Spider’s Revenge: Somebody, just shoot Mab now!

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fantasy book reviews science fiction book reviewsSpider’s Revenge by Jennifer Estep urban fantasy book reviewsSpider’s Revenge by Jennifer Estep

Spider’s Revenge is the fifth book in Jennifer Estep’s ELEMENTAL ASSASSIN series. You probably shouldn’t be coming to this book without reading the previous four books, so I’ll assume you’ve done that already if you’re reading my review. If not, beware of spoilers for the previous books.

In Spider’s Revenge, Gin Blanco finally decides it’s time to kill Mab Monroe, the evil Fire Elemental who destroyed Gin’s family decades ago and is now the crime boss of Ashland Tennessee. I’ve been complaining for a while now that Estep is dragging the plot out by making Gin have to deal with one of Mab’s cronies or minions in each book rather than just taking the shortcut of going after Mab herself. It seems to me that there have been two main plots going on: the first (ostensibly) is Gin’s desire to get revenge on Mab. The second is Gin’s developing personal life which includes new relationships with her boyfriend Owen Grayson and her long-lost sister Bria Coolidge (who Gin thought was dead) and her still-smoldering-under-the-surface feelings for Donovan Caine, the detective who dumped her. This pussyfooting around about Mab felt, to me, like an excuse to put the Mab Plot on hold while Estep focused on Gin’s relationships. Now that Gin’s personal life has stabilized, Estep is ready for her to confront Mab directly. Finally.

Gin keeps telling us she’s the best assassin in the city, but she has a lot of what seems like unnecessary trouble with Mab. Her plots to kill Mab are so complicated and convoluted and there were several times during Spider’s Revenge that I yelled out loud “WOULD SOMEONE JUST TAKE OUT A GUN AND SHOOT MAB NOW?” But no, they have to have an elemental duel and Gin is usually armed only with short (silverstone) knives, so she has to get close enough to stab her enemy. Can she kill Mab this time? I won’t tell…

fantasy book reviews science fiction book reviewsThere are two main faults with this series. One is that the plot just doesn’t ring true in so many ways. It’s not only Gin’s behavior (e.g. cooking a huge Southern breakfast for her friends while Bria is being tortured and needs to be rescued), but also her enemies and their minions (who are all of the over-the-top evil puppy-killing variety), and the Ashland police. Characters seem to do things the difficult way just because it makes a better story and they lack and/or forget they have devices such as cell phones and guns that could help them get things done more efficiently. As for the police, they hardly do anything and nobody ever calls them for help (such as when their own boss has been captured and will probably be killed). All these things are so difficult to believe, which means that I can’t get lost in the story.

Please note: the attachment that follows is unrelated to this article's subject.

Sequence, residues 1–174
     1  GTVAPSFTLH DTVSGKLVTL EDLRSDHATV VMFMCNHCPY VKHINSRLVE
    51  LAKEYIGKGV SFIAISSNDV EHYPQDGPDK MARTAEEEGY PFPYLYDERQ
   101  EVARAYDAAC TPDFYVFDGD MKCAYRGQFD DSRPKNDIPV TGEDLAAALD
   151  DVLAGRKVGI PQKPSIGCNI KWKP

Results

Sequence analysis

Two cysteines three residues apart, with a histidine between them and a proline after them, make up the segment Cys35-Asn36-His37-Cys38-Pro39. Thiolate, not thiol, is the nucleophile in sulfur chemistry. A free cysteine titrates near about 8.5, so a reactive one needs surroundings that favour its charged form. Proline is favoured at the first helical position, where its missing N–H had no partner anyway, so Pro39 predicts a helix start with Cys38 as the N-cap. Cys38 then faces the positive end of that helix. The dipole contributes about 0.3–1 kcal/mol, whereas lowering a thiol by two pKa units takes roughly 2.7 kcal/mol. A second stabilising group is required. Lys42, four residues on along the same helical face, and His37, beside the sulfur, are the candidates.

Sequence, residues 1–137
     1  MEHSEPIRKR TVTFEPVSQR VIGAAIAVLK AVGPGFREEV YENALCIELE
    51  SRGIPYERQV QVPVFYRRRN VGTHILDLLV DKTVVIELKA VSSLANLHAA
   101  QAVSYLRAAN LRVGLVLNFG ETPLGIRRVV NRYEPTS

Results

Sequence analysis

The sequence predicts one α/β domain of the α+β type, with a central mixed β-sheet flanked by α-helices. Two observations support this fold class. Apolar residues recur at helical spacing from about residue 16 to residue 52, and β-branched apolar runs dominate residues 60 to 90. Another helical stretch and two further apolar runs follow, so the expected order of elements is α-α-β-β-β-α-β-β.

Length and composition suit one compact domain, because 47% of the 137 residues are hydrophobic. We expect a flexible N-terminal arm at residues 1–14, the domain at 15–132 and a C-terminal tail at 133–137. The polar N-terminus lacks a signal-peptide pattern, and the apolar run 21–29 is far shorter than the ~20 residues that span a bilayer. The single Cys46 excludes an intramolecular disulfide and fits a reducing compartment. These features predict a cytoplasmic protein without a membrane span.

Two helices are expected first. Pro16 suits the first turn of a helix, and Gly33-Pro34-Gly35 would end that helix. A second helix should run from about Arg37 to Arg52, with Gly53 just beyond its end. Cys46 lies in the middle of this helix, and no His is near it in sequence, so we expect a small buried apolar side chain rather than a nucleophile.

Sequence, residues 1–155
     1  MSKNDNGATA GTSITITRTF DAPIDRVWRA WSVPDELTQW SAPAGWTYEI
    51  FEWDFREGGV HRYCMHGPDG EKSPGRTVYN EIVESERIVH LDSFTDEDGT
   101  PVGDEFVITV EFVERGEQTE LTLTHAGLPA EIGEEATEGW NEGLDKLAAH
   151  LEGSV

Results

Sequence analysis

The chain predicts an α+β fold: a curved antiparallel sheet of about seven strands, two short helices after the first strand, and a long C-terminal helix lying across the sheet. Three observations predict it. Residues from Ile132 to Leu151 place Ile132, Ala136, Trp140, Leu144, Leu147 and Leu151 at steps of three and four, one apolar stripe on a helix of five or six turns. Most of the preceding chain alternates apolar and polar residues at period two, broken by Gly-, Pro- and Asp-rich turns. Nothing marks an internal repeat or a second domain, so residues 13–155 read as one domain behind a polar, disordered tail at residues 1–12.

The second fault is, as I keep mentioning, the constant reminders about what’s happened in the past, who people are, what they look like, etc. Much of this uses the same words each time such as when two people look at each other and it’s “violet on grey” (their eye colors). Who could forget that Gin has “chocolate locks” and that Finn’s has “walnut curls” and that Bria’s cheeks are rosy? There’s a formula Estep uses to describe a character each time they show up which seems, if not lazy, then at least unimaginative.

Despite all that, I find that I still want to know what happens to Gin and her friends and even though I get annoyed by the “sloppy, sloppy, sloppy” plot and have to skim past the reminders and rehashes, I keep reading. I think that’s because the audio version I’m listening to is fairly entertaining. Lauren Fortgang does a great job with Estep’s characters. She makes me like Gin; I’m not sure I’d like her if I read her in my own voice. I’m still interested in seeing where Estep goes next with this series.


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KAT HOOPER, who started this site in June 2007, earned a Ph.D. in neuroscience and psychology at Indiana University (Bloomington) and now teaches at the University of North Florida. When she reads fiction, she wants to encounter new ideas and lots of imagination. She wants to view the world in a different way. She wants to have her mind blown. She loves beautiful language and has no patience for dull prose, vapid romance, or cheesy dialogue. She prefers complex characterization, intriguing plots, and plenty of action. Favorite authors are Jack Vance, Robin Hobb, Kage Baker, William Gibson, Gene Wolfe, Richard Matheson, and C.S. Lewis.

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6 comments

  1. I read the first one in my own voice (print version) and didn’t like Gin, or the book, at all. These sound like a lot of the same issues. I did like he Elemental aspects, though.

    (And I knew all through book one that the “dead” sister wasn’t dead.)

  2. I thought the first one was good fun, but couldn’t get into any of the later ones. Too many word-tics and not enough change in the plot.

  3. Yeah, I think with a series this specific it’s hard to keep both the overarching plot going, and come up with a book-length story for each one. I give critique, but I don’t know if I could do it.

  4. I enjoyed the first couple despite some issues that made me cringe. After the third it felt like one of those series that is written such that books can continue to be added–rather than a natural story arc or a satisfying conclusion. There were some good things in this series, but not enough to make me keep reading it past book 3.

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